Best Hill Station
Darjeeling, West Bengal
Buddhist prayer flags snap in the breeze, while jagged Himalayan peaks play hide-and-seek in the cloudy distance. It’s my second day in Darjeeling, a quintessential South Asian hill station. The colonial British and their Indian counterparts once escaped the scorching summer temps on the plains by heading for this most famous of summer capitals. These days, travelers find respite in these cool hills.
Like generations of explorers, I’ve come to bag a few nearby peaks. First stop is the Himalayan Mountaineering Institute, once presided over by the late Everest pioneer Tenzing Norgay, which offers outdoor courses (and has a museum stuffed with alpinism memorabilia). Hoping to follow in Norgay’s bootsteps, I I book a multiday trek and set off into the nearby hills.
Even for those without high-altitude designs, Darjeeling is a worthwhile stopover. The town has a flavor as distinct as the tea grown on its outskirts, seasoned not just by Raj-era architecture, bakeries, and antique shops but also by a heady dose of Himalayan cultures—Nepal, Bhutan, and Sikkim are all next door. In town, the Hotel Windamere, a 19th-century Heritage Hotel overlooking Chowrasta Square, provides local color and great views. DETAILS: Doubles from $145, with full board; 011-91-354-2254041, www.windamerehotel.com.
Brahmaputra, Arunachal Pradesh
River BoatRiver Boat
In 2002, Vaibhav Kala, owner of Aquaterra Adventures, hatched an audacious plan to offer the first-ever commercial expedition down the 110-mile upper stretch of the Brahmaputra, which flows from Tibet through Arunachal Pradesh, in far northeastern India. Locally known as the Siang, the Class IV+ Brahmaputra rivals the Grand Canyon when it comes to whitewater, with the added attraction of exotic tribes that rarely see outsiders. Today, with other companies looking to follow Aquaterra’s lead, the Brahmaputra float is on the verge of becoming India’s splashiest big-water adventure.
Reaching the put-in remains a challenge unto itself, requiring a 50-mile upstream motorboat transfer from Dibrugarh, followed by a two-day jeep ride into the jungle of Arunachal Pradesh from neighboring Assam. Up next are seven days of wilderness paddling, with the verdant scenery punctuated by huge Class III–IV+ rapids on a scale more reminiscent of The Perfect Storm than The River Wild. DETAILS: For now, Aquaterra offers the only set departures on the Brahmaputra; November 24–December 8; kayaking from $3,100, rafting from $3,600; 011-91-11-29212641, www.treknraft.com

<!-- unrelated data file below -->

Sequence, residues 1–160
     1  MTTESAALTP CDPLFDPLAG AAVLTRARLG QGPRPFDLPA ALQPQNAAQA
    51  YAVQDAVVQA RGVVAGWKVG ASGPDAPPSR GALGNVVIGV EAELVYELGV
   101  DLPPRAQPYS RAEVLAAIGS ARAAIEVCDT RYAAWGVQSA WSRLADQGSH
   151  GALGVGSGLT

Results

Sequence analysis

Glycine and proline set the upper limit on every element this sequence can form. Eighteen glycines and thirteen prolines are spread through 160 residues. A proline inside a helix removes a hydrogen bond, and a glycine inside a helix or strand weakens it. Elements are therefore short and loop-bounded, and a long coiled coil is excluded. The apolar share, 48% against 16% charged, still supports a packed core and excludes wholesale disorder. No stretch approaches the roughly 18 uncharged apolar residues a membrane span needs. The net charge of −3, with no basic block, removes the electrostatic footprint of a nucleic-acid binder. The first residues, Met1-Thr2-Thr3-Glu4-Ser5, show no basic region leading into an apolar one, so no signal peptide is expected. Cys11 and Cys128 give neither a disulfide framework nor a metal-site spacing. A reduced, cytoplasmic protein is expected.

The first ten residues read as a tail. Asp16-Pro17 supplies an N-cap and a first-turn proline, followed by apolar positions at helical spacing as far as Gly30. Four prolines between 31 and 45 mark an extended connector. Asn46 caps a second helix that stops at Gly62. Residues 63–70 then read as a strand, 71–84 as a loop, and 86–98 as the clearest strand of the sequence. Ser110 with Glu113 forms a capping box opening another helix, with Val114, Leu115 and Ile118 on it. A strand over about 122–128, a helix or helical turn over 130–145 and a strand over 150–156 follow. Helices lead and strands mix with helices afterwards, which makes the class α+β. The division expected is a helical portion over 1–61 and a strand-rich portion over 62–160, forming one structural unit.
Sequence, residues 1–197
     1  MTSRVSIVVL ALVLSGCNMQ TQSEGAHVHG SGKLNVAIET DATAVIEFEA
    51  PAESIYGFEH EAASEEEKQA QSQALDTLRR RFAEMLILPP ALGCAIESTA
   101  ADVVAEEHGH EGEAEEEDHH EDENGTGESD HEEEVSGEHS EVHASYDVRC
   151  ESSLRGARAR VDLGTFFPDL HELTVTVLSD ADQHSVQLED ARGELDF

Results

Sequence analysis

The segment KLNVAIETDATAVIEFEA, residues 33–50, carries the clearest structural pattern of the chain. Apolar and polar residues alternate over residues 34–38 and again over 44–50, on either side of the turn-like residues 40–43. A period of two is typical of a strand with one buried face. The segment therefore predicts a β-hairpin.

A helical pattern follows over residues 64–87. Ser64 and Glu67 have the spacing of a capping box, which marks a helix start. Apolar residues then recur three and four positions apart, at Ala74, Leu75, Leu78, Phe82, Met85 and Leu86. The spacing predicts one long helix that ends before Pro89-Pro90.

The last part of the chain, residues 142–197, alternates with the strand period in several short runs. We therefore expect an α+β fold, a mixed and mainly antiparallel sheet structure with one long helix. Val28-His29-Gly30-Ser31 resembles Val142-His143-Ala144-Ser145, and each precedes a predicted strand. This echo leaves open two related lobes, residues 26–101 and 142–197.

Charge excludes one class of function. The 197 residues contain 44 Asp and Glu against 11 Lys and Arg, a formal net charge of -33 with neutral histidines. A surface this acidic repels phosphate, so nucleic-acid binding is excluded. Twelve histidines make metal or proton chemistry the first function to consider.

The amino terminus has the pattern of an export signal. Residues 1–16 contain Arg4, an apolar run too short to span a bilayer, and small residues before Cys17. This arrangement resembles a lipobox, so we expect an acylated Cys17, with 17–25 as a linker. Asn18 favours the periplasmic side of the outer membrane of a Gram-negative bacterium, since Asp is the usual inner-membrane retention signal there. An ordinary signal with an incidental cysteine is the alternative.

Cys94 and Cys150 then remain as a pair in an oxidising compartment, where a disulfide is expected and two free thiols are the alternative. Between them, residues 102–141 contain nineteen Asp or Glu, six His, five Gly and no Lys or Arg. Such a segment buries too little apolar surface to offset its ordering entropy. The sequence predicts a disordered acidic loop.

Pushkar Camel Fair, Rajasthan
You haven’t lived until you’ve communed with camels, which is why you can’t miss the Pushkar Camel Fair, a mind-blowingly biblical convergence of camels, camel traders, mystics, and musicians, all camped out in Rajasthan’s Thar Desert. For centuries, during the month of Kartik (the eighth lunar month of the Hindu calendar, falling roughly around October and November on the Gregorian calendar), Rajasthan’s camel herders have trekked to the town of Pushkar in time for the full moon. This year’s fair (November 2–5) will bring about 200,000 people and 50,000 camels to the desert bash.
At the fair you’ll find a sea of khaki-brown sand dunes pitched with dung-colored tents and entire families camped out: Hindu men in turbans, Rajasthani tribal women in color-drenched skirts and saris, kids hawking everything from camel bells to camel-cart rides. You’ll also find camels—and lots of them: babies with spindly legs and big, goofy heads; teenage camels; worn-out camels; camels standing; camels sleeping; camels adorned with braids, tassels, and tattoos. You can ride camels, watch camel races, or witness the business of camel trading up close. (Want to take home a new pet? A three-year-old camel goes for around 25,000 rupees—or $567.)
Stay at the Royal Camp, upscale tented lodging pioneered by the Maharaja of Jodhpur in the 1990s, just a few dunes from the festivities. Each safari-style, canvas tent has twin beds with crisp white linens, a front porch with teak chairs, a private bath, and buckets of hot bathwater delivered to your door. DETAILS: Doubles from $250, including meals; 011-91-291-2571991, www.jodhpurheritage.com
BONUS: Best Escape from India
Bangaram Island Resort, Lakshadweep Islands
Lakshadweep IslandsLakshadweep Islands
The battering madness of India’s cultural mosh pit can exhaust even the most seasoned traveler, which is why many Indians advise leaving the mainland to truly appreciate its charms. There’s no better place to get this critical break—without passing through customs—than the isolated, talcum-beached coral atoll of Bangaram, one of 26 tiny coconut-palm islands that make up the Lakshadweep archipelago, in the Arabian Sea.
Of the three islands open to tourists, Bangaram Island Resort—which owns the entirety of the island—boasts the least development, with only 34 teak-and-tile bungalows spread tastefully throughout the island’s 128 acres. After you’ve settled into a private hut, stumble a few feet across the snowy beach to fin through crystal waters. The sea life is so accommodating that the resort asks divers to refrain from riding the massive sea turtles and manta rays that lounge around the house reef.
For more adventurous fauna, house dive masters will take you to deeper reaches, including a sheer limestone chasm known as the Grand Canyon. Deeper still, fishermen will find wahoo and sailfish that are the stuff of Hemingway lore. Or pass on it all and spend an afternoon in a silent hammock for that much-needed perspective on India. DETAILS: Bungalows, $290–$350 all- inclusive; 011-91-484-2668221, www.cghearth.com